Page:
Perceived need for emergency medicine training in Pakistan: A survey of medical education leadership

Junaid A. Razzak, Adnan Ahmed, Ali Faisal Saleem, Muazzam Nasrullah

Research output: Contribution to journalArticlepeer-review

14 Citations (Scopus)


Objective: To assess the perception of leaders of the academic medical institutions regarding the need for specialty training in emergency medicine. Methods: A cross-sectional survey was conducted in all medical colleges of Pakistan in September 2005. Our sample included all academic leaders of recognized medical colleges in Pakistan. A questionnaire was designed and sent (mailed and faxed) to vice chancellors, deans, principals or medical directors of the institutions. Reminders were sent through faxes and emails wherever available, followed by phone calls if responses were not available after several attempts. Results: At the time of study, there were 39 medical colleges recognized by Pakistan Medical and Dental Council. Of these, responses were received from 26 teaching institutions in the country. A majority of the respondents (85%) were not satisfied with the care provided in the ED of their primary teaching hospital, and three-fourth (74%) thought that doctors specialized in other disciplines, like internal medicine and family medicine, cannot adequately manage all emergencies. When asked if Pakistan should have a separate residency training programme in emergency medicine, 96% responded in affirmative, and many (85%) thought that they will start a residency programme in emergency medicine if it was approved as a separate specialty. Conclusion: This survey shows significant support for a separate local training programme for emergency medicine in the country.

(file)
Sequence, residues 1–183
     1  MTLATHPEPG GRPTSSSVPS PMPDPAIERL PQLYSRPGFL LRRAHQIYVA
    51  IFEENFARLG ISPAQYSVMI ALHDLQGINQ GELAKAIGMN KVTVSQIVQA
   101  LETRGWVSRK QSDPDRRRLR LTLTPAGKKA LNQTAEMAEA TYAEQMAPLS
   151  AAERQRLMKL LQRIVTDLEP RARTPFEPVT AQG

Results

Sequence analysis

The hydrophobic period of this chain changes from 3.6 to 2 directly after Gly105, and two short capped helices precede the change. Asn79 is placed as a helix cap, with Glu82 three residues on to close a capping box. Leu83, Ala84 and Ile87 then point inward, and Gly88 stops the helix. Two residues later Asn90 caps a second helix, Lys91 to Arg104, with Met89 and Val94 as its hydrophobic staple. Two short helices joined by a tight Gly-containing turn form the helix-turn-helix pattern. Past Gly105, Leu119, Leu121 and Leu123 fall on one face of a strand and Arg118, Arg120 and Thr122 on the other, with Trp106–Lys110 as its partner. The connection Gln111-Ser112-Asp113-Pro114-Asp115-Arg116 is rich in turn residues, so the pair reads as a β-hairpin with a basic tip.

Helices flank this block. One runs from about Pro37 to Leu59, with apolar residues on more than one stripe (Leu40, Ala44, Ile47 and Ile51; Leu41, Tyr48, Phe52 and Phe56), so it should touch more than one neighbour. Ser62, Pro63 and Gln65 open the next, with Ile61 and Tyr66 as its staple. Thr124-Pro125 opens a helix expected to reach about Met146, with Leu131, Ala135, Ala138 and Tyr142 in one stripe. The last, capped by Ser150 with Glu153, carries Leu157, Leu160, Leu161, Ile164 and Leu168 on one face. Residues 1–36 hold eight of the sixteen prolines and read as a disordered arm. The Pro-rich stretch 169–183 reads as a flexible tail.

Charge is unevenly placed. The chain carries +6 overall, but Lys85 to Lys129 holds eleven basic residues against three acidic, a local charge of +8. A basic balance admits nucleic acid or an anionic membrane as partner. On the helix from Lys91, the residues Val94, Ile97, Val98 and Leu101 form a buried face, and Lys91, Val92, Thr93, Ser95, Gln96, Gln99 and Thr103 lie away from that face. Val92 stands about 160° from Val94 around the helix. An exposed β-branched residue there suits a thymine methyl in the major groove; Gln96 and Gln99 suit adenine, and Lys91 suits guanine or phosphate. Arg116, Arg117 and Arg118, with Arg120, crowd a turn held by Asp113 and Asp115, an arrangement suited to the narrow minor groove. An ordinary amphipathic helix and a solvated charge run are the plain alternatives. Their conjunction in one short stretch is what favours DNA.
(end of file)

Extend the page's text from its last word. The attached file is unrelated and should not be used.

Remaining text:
Original languageEnglish
Pages (from-to)143-146
Number of pages4
JournalEMA - Emergency Medicine Australasia
Issue number2
Publication statusPublished - Apr 2009


  • Emergency medicine
  • Pakistan
  • Residency
  • Training


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